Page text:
One of the most significant problems in TB control is infection with strains resistant to anti-TB drugs such as isoniazid, pyrazinamide, streptomycin, rifampin, etc. Isolated strains have proven resistant to one or more of these drugs, in combinations of two, three or even of all them simultaneously. Patients infected with multidrug-resistant strains can expect few, or sometimes no, treatment alternatives. Recent studies have also shown that animals infected with multidrug-resistant bacilli were cured through the administration of genetic vaccines(29).

Immunotherapy for latent tuberculosis

In correlation with the great number of infected individuals, another problem is how easily the TB bacilli adapt themselves to humans. The infection usually results from bacilli being inhaled and entering the defense cells of the host organism. From within the macrophages, which are cells with high microbicidal potential, the bacilli can deactivate the defense systems of the macrophage, surviving and reproducing therein. In humans, the immune defense system identifies the presence of the bacilli and establishes a response, characterized by a chronic granulomatous inflammatory reaction designed to circumscribe and delimit the infection. Under these conditions, the bacilli may survive in a latent or dormant state for years, and the infected individual may not present symptoms of the disease. If this mutual relationship becomes unbalanced, a situation typically associated with suppression of the immune response, the disease may manifest itself. The most common immunosuppression conditions seen concomitantly with TB are, among others, patients who are taking immunosuppressant drugs (such as AIDS patients and patients suffering from stress-related symptoms), drug addicts (such as alcoholics) and malnourished patients.

Gene therapy has also been used as a means of analyzing the state of latency or dormancy of the mycobacteria, which can become reactivated and manifest the disease during immunosuppressive states. An experimental mouse model was developed that mimics the conditions observed in the development of the human form of the disease in immunosuppressed individuals. In the control group animals, which were not vaccinated but were infected, given antibacterial drugs (to establish a state of latency) and then treated with corticosteroids to induce immunosuppression, reactivation and establishment of the disease was observed. In the study group animals, which were treated with the DNA vaccine, no reactivation or development of the disease was observed, especially when three doses of the vaccine were administered29. The ability of DNA vaccines to eliminate dormant bacteria may be of considerable benefit in the control, or even eradication, of TB.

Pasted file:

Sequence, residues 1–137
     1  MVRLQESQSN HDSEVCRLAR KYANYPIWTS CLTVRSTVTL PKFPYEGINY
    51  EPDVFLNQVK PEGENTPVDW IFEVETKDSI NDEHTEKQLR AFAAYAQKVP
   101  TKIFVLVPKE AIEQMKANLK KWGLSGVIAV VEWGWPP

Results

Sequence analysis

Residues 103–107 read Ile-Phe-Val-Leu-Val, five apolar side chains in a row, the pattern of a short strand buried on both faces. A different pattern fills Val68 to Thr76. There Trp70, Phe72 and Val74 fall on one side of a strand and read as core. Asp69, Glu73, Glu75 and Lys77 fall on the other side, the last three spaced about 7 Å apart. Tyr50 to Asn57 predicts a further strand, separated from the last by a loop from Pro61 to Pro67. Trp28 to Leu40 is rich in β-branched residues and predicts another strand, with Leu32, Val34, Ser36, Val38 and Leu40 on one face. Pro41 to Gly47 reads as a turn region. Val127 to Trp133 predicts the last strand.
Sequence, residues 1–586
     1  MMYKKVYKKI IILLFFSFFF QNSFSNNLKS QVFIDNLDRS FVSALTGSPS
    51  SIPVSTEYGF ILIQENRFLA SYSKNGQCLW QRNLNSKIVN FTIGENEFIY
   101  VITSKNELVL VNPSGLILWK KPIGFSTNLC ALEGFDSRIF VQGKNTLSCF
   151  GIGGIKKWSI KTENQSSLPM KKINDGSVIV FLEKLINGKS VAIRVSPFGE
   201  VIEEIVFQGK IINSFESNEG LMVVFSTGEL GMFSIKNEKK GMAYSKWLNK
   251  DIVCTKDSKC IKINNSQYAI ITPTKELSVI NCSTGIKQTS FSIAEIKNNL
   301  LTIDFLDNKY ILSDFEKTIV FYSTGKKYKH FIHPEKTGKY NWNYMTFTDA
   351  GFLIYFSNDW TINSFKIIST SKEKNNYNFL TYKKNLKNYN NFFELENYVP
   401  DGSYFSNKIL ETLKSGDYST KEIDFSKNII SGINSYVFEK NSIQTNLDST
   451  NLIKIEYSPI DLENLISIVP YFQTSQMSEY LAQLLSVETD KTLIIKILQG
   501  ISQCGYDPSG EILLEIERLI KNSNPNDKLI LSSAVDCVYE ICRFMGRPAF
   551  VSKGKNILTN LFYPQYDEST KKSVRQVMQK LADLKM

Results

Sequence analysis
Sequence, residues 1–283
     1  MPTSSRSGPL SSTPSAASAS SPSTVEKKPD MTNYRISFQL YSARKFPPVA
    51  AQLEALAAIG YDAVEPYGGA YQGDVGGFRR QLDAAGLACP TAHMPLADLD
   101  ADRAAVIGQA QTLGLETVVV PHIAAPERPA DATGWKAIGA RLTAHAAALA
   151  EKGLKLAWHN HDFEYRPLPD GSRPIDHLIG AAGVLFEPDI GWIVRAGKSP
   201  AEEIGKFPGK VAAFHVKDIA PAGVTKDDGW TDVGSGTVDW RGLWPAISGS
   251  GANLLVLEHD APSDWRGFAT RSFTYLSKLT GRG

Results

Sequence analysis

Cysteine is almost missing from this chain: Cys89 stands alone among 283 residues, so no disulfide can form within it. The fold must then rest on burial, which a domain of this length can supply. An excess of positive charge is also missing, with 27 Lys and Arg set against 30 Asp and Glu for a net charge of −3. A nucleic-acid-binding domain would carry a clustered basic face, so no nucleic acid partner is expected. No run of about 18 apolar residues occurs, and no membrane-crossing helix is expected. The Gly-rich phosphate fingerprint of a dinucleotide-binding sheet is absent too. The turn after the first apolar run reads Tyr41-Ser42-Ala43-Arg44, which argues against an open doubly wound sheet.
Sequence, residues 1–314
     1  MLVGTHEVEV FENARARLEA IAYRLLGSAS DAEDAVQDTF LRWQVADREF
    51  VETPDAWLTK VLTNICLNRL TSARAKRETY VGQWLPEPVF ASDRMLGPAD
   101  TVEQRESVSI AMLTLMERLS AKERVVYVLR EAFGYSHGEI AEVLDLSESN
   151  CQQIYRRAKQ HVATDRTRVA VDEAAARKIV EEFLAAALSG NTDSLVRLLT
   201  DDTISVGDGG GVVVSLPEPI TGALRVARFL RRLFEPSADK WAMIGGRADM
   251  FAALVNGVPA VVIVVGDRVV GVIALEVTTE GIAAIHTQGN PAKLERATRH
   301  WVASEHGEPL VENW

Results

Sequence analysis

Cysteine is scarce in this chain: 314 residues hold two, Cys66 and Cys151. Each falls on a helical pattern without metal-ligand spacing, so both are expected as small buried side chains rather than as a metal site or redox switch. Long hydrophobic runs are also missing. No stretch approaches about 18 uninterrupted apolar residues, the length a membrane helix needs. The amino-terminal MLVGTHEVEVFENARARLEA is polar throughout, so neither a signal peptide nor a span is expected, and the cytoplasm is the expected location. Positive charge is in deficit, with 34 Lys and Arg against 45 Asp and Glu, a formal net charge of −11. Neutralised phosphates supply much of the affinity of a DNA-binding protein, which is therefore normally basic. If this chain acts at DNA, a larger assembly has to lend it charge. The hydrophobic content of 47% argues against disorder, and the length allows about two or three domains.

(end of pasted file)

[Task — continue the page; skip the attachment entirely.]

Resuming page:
Genetic vaccines have been used for treatment, which is conceptually different than the manner in which traditional vaccines are used (only to prevent diseases). These DNA vaccines cure infection, cure the disease and prevent disease reactivation, while maintaining their prophylactic nature. Innumerable practical and strategic benefits are derived from the development of this therapeutic vaccine against TB. It is safe and efficacious, and it can be administered in a single dose, stimulating an ample immune response. It has a long-lasting protective effect and may significantly contribute to decreasing incidence of the disease.

Reducing the tuberculosis treatment period with the use of drugs and DNA vaccine